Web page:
Posted by Michael Fassnacht, Global Chief Strategy Officer
I just started reading the book “The lords of strategy” by Walter Kiechel, who is the former Editorial Director of the Harvard Business Review. I have not yet finished the book but it’s a worthwhile read. Kiechel explains the origins of business strategy and the increasing importance of strategy in most corporations over the last 50 years. One can dislike the book’ strong focus on business consultants and their ever changing strategy memes (From “Just-in-time” to “Re-engineering”) but companies have significantly increased their strategic intelligence over the last years. And yes, business consultancies like BCG or McKinsey were critical to enable this positive change.
The more surprising is that it seems that most advertising agencies don’t pursue consistently a strategy of their own. It seems a lot of agencies live in a strategic vacuum that manifests itself in three different organizational life forms with different levels of strategic blindness:
* Service clients and make them happy. These agencies don’t see the need for their own strategic plan. Their belief is the satisfaction of their clients is sufficient for long term survival
* Satisfy the visionary ego of the key agency leader. These agencies don’t have a strategic outline beyond the eye sight of the charismatic company leader. A well researched and defined company plan with a three to five year horizon would assume that the leader does not intuitively understand and accordingly change the company’s structure for long-term success. Surely, he or she does not, but no one dares to tell him or her.
* Deliver profit to the agency’s holding company. While the ultimate goal of any business organization is to deliver profit for its shareholder and benefits for its stakeholder, a lot of people confuse the result of making profit with a strategically defined plan and purpose. Generating long-term profit is the outcome of a well design strategy, not a strategy by itself.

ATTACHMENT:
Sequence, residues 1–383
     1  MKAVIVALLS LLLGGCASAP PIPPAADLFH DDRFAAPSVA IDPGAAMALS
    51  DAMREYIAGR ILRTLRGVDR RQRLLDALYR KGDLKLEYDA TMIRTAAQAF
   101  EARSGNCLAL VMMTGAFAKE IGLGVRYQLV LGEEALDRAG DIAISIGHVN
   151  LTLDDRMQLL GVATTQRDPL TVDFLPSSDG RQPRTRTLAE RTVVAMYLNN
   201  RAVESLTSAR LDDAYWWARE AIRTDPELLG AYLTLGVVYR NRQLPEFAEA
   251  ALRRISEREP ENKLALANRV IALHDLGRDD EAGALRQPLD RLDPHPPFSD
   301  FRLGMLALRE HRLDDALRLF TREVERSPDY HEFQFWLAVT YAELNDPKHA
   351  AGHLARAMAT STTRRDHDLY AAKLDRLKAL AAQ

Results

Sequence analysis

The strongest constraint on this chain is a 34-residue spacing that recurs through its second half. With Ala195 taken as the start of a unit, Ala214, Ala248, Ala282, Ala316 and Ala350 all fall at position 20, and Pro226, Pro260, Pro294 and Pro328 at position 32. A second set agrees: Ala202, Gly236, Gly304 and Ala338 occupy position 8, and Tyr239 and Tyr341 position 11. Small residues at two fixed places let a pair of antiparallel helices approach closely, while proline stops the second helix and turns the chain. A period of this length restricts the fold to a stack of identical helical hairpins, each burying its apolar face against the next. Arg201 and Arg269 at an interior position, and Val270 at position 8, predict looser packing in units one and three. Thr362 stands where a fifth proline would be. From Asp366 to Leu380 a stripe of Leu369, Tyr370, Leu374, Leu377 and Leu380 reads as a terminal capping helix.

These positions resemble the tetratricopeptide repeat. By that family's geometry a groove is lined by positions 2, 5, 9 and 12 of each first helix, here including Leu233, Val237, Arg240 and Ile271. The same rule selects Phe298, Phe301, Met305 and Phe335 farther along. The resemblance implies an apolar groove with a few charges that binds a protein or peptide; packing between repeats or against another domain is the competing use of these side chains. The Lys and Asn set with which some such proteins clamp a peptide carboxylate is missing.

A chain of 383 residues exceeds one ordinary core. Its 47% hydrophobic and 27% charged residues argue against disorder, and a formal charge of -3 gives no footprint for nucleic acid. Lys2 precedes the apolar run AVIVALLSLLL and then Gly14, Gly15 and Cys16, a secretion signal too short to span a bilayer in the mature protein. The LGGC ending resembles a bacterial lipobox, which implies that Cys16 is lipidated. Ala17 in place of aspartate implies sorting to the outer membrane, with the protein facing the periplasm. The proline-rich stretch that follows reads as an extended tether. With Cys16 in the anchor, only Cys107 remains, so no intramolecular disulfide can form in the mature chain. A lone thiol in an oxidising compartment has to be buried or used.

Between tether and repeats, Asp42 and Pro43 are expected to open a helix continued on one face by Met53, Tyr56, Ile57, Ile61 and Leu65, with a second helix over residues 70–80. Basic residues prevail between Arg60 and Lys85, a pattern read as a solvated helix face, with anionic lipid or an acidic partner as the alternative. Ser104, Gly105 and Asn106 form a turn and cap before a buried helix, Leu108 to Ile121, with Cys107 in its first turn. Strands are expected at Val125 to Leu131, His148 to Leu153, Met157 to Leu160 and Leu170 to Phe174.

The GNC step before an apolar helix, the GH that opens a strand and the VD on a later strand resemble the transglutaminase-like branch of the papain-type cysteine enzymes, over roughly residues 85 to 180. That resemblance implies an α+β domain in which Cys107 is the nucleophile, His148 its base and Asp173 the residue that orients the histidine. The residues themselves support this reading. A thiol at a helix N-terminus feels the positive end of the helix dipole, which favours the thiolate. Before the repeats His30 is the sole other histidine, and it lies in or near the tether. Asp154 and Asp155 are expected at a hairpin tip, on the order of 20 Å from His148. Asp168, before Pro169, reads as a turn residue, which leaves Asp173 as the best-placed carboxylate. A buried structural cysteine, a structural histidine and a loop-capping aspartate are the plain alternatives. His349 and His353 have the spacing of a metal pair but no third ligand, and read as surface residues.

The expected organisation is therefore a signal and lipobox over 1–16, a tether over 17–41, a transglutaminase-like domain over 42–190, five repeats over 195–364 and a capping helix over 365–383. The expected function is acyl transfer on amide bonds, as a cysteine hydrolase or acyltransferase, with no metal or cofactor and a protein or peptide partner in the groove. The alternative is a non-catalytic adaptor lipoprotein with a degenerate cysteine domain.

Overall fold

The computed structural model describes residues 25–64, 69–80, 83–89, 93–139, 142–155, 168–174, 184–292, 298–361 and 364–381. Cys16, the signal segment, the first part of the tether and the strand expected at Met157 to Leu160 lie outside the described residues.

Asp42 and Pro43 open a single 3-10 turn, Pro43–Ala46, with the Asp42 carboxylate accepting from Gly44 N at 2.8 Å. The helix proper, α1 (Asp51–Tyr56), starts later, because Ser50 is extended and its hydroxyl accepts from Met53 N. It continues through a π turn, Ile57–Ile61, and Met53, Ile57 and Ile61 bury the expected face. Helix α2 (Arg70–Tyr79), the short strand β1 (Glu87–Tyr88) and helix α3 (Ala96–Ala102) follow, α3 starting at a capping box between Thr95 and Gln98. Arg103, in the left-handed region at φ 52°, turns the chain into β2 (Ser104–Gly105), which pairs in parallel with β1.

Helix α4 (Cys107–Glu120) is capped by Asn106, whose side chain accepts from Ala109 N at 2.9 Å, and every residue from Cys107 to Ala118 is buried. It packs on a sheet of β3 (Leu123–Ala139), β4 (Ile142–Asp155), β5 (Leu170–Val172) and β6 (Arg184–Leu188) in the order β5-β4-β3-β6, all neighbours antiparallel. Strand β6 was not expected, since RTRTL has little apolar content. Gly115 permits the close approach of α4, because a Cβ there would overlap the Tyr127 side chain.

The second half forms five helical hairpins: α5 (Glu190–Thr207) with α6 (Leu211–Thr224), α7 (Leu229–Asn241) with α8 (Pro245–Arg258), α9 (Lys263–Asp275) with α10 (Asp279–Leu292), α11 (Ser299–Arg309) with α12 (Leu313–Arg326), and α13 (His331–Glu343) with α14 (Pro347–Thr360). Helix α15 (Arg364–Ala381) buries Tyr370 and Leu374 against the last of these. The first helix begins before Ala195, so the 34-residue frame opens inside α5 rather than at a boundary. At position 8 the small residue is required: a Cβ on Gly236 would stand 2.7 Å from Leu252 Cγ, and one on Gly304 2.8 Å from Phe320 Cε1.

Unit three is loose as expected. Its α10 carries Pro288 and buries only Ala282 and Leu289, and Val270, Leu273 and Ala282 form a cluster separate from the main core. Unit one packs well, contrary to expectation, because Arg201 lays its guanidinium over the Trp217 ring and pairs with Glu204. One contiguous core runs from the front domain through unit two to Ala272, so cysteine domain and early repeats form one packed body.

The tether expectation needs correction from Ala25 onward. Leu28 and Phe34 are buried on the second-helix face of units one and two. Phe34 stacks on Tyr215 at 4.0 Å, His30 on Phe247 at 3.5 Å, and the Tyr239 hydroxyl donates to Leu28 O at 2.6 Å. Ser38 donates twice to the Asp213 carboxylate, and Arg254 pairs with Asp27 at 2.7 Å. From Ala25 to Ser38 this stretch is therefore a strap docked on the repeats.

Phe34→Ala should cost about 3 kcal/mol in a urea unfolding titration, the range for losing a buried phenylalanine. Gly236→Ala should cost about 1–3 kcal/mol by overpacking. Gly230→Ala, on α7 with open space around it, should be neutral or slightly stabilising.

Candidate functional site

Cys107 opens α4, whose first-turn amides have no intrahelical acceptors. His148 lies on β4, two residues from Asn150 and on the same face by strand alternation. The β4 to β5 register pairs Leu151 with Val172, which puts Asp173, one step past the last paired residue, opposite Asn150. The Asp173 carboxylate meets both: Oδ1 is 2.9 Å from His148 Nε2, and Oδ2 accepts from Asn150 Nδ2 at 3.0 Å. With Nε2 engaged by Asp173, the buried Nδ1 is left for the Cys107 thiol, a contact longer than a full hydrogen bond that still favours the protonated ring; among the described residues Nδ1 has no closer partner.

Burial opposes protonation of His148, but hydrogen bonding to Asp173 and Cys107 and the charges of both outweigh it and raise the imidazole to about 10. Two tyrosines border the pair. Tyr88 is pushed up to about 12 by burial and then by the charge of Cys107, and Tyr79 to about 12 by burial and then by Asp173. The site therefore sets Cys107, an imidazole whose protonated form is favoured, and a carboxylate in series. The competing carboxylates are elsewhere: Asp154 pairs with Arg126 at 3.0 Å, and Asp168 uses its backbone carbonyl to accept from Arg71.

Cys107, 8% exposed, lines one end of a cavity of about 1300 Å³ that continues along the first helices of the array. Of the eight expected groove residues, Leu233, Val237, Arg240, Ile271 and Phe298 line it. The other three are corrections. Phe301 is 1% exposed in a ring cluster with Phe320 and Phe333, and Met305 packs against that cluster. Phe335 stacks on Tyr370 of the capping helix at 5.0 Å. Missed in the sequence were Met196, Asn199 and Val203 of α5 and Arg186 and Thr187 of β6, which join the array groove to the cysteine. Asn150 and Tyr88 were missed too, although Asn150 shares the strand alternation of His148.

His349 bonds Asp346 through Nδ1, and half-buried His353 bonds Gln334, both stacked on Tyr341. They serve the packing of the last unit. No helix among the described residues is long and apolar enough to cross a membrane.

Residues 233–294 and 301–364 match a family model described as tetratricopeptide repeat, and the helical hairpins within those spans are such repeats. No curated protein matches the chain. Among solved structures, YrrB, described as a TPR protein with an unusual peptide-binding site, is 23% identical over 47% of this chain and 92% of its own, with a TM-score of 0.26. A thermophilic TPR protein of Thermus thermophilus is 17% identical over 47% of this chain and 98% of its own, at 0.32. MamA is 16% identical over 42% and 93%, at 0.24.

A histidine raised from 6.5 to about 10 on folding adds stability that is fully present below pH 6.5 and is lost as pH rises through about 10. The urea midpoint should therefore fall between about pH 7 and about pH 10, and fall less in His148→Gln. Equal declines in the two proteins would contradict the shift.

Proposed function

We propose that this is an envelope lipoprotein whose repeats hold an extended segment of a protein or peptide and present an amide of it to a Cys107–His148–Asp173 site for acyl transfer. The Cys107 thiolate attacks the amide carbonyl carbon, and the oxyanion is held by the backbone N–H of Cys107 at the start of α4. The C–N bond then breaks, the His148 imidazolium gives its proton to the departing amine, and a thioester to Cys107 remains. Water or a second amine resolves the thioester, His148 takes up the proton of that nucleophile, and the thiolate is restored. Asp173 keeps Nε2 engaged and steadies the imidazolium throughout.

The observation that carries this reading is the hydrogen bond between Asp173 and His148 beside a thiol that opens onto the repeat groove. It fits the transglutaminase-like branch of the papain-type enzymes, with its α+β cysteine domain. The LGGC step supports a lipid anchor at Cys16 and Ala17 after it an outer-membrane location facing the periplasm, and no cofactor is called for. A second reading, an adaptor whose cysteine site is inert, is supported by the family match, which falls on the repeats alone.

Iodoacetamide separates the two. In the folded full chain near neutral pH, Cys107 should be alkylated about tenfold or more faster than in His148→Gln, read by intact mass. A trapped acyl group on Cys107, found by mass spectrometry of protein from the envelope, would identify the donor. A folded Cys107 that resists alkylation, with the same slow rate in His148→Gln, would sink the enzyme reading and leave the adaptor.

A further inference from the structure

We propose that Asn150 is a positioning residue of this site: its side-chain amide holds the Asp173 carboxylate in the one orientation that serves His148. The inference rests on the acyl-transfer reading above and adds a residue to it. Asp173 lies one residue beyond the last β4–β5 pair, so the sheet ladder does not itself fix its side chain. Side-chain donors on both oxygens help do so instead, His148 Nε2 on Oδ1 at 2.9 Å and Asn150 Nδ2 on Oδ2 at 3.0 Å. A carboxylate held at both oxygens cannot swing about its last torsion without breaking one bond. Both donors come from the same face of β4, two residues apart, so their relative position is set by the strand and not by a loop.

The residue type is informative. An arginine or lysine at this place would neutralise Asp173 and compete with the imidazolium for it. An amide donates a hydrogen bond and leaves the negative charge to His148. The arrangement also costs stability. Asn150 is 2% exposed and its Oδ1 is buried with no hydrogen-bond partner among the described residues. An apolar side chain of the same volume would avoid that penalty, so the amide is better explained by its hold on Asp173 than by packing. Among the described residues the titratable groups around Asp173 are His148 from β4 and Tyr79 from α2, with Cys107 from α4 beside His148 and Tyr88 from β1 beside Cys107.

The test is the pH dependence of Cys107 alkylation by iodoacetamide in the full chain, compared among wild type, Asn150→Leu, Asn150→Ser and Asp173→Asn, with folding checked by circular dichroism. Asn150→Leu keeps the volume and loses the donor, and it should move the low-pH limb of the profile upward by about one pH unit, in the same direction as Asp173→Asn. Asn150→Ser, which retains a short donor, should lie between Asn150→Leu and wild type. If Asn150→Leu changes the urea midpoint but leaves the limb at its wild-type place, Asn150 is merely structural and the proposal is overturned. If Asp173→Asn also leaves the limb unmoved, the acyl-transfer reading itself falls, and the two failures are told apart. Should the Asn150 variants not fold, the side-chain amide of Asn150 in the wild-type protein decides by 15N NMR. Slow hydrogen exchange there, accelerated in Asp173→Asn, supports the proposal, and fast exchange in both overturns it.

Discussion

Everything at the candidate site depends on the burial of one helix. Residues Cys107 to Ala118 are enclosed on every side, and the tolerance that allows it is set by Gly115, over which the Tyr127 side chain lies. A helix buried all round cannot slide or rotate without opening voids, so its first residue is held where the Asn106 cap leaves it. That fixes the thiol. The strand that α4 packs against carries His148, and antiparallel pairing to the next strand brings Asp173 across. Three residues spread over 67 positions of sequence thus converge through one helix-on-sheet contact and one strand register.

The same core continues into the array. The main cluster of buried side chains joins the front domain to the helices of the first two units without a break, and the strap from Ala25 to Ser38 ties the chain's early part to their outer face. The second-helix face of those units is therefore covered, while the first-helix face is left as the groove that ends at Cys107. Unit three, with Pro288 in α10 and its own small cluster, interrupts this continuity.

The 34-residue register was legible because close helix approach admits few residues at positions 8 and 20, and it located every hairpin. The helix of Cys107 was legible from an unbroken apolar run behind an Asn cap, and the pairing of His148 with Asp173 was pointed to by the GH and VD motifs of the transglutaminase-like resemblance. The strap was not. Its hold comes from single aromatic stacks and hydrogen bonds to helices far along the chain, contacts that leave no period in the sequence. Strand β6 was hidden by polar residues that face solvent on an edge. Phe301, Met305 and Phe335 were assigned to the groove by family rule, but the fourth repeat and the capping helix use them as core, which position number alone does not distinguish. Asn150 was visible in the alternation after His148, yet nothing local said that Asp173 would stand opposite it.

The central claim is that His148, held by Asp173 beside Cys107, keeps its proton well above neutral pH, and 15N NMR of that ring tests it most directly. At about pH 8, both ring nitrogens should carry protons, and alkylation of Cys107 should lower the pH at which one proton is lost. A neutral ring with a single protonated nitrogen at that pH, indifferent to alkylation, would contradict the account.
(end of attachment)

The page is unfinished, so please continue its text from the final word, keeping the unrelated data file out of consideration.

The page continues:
Not surprisingly I believe that agencies that ignore the importance of strategic intelligence and the benefits of a well designed strategic plan will have only a short window of success. The need for strategic planning for any agency should answer at minimum the following questions:
* How is your serviced market changing over the next three to five years? What are the key implications for your current business model and competitive positioning?
* How would you describe the current and the desired state of your organization?
* What are the key strategic bets that your company will focus on to get you to your desired organizational capabilities and offerings?
* How are you going to measure your progress against the strategic plan?
Business strategy is a much less complex field than most marketers believe. It just requires a good understanding of the key market trends, the analytical and intuitive understanding of the core and essence of the own organization, and the courage to put down a stake for the future. And it can be as insightful, creative, and entertaining as creating a 30 seconds TV spot or a iPad application.